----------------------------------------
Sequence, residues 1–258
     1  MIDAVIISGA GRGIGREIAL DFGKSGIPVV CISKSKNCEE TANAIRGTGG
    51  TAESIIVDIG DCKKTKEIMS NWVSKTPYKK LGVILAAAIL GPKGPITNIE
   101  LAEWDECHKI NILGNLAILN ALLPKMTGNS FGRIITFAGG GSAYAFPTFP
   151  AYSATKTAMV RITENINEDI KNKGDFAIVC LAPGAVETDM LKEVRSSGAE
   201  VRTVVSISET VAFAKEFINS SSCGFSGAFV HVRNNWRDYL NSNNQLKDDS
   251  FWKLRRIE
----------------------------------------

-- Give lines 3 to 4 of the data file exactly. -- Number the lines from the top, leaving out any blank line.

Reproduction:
    51  TAESIIVDIG DCKKTKEIMS NWVSKTPYKK LGVILAAAIL GPKGPITNIE
   101  LAEWDECHKI NILGNLAILN ALLPKMTGNS FGRIITFAGG GSAYAFPTFP